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Easily Implement Python Transitions


Python Transitions: Pending State Transitions

In this Python tutorial, we will discuss how to handle pending state transitions in chatbots. We will provide a step-by-step guide along with executable sample codes and explanations.

Understanding State Transitions

State transitions play a crucial role in chatbot development. They allow the chatbot to navigate through different states or actions based on user inputs. However, in certain cases, it is necessary to briefly deviate from the conversation flow and handle specific tasks before returning to the main topic. This is where pending state transitions come into play.

Defining the Policy Rules Dictionary

To implement pending state transitions, we need to define a policy_rules dictionary. The keys of this dictionary will be tuples of the current state and the received intent, while the values will be tuples of the next state, the bot’s response, and a state for which to set a pending transition.

policy_rules = {
('INIT', 'order_intent'): ('AUTHED', 'Please provide your number.', 'PENDING'),
# more rules can be added here

In this example, we have defined a rule for when the user is in the ‘INIT’ state and tries to place an order (‘order_intent’). The next state is ‘AUTHED’, and the bot’s response is “Please provide your number.” Additionally, we have set the pending state as ‘PENDING’.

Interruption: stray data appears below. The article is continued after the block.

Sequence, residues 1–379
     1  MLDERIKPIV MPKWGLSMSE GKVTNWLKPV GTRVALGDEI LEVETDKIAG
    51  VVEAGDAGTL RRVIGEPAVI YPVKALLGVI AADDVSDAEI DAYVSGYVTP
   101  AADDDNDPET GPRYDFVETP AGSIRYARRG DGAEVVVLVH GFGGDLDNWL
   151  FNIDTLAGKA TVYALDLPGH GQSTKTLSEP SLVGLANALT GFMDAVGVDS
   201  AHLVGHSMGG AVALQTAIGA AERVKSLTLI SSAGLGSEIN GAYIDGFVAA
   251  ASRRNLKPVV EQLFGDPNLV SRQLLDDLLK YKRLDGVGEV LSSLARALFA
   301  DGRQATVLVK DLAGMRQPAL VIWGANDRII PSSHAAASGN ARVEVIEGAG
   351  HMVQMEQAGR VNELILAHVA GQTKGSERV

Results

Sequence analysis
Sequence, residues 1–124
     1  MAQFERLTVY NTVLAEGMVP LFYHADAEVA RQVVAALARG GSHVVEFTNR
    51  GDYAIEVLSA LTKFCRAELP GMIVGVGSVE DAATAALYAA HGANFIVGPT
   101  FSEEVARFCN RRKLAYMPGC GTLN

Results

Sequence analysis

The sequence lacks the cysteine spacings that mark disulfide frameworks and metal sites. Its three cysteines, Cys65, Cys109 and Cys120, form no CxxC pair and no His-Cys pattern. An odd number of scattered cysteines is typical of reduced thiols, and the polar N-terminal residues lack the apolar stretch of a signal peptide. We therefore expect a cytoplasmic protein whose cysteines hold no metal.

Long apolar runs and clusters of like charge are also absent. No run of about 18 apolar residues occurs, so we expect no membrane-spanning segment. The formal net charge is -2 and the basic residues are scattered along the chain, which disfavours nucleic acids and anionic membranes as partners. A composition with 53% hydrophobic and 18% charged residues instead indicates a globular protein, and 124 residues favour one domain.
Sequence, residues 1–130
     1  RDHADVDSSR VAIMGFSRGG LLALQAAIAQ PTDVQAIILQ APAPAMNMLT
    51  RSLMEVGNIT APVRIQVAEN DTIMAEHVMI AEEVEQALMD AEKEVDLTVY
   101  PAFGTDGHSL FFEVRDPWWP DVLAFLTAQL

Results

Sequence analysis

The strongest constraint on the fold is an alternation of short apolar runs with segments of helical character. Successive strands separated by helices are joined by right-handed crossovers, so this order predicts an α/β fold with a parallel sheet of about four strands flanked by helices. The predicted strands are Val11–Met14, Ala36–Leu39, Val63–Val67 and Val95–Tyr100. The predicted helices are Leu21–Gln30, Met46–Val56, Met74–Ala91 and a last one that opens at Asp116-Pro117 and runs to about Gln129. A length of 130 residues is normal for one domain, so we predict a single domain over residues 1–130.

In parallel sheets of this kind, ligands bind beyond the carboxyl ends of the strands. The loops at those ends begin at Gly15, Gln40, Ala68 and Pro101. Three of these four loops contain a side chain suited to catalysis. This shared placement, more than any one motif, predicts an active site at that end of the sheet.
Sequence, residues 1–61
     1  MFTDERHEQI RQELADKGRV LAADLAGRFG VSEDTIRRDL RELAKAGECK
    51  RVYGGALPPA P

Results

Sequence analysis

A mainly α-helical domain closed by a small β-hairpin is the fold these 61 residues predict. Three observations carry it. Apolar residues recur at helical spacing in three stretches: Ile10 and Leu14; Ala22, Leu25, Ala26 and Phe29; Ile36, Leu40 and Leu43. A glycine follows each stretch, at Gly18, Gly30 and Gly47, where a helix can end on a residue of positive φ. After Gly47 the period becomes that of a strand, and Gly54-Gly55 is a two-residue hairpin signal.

Handling Pending State Transitions

Now, let’s implement the functionality to handle pending state transitions. We will create a function called send_message() that simulates sending a message to the chatbot. It takes the current state and the user’s intent as inputs. If a pending transition is defined according to the policy_rules dictionary, it returns the next state, the bot’s response, and the pending state. Otherwise, it returns None for the pending state.

def send_message(current_state, user_intent):
if (current_state, user_intent) in policy_rules:
next_state, bot_response, pending_state = policy_rules[(current_state, user_intent)]
return next_state, bot_response, pending_state
return current_state, None, None

To demonstrate the usage of the send_message() function, we can create another function called send_messages() that sends multiple messages and handles the corresponding state transitions.

def send_messages(messages):
current_state = 'INIT'
pending_state = None
for message in messages:
user_intent = message['intent']
next_state, bot_response, pending_state = send_message(current_state, user_intent)
print(f'User: {message["text"]}')
print(f'Bot: {bot_response}')
if pending_state:
print(f'Pending state: {pending_state}')
current_state = next_state
messages = [
{'text': 'I would like to place an order.', 'intent': 'order_intent'},
{'text': 'Sure, my number is 1234567890.', 'intent': 'phone_number_intent'},
{'text': 'Can you recommend any cheap hotels?', 'intent': 'hotel_recommendation_intent'}

In this example, we have defined a list of messages that the user sends to the chatbot. The send_messages() function iterates over these messages, calls the send_message() function for each message, and updates the current state accordingly. The bot’s responses and any pending states are printed to the console.


Handling pending state transitions in chatbots allows for more flexibility and better user experiences. By defining policy rules and implementing the necessary functions, developers can easily manage pending transitions. In this tutorial, we discussed how to define the policy rules dictionary, handle pending state transitions, and provided executable sample codes for a better understanding of the concepts.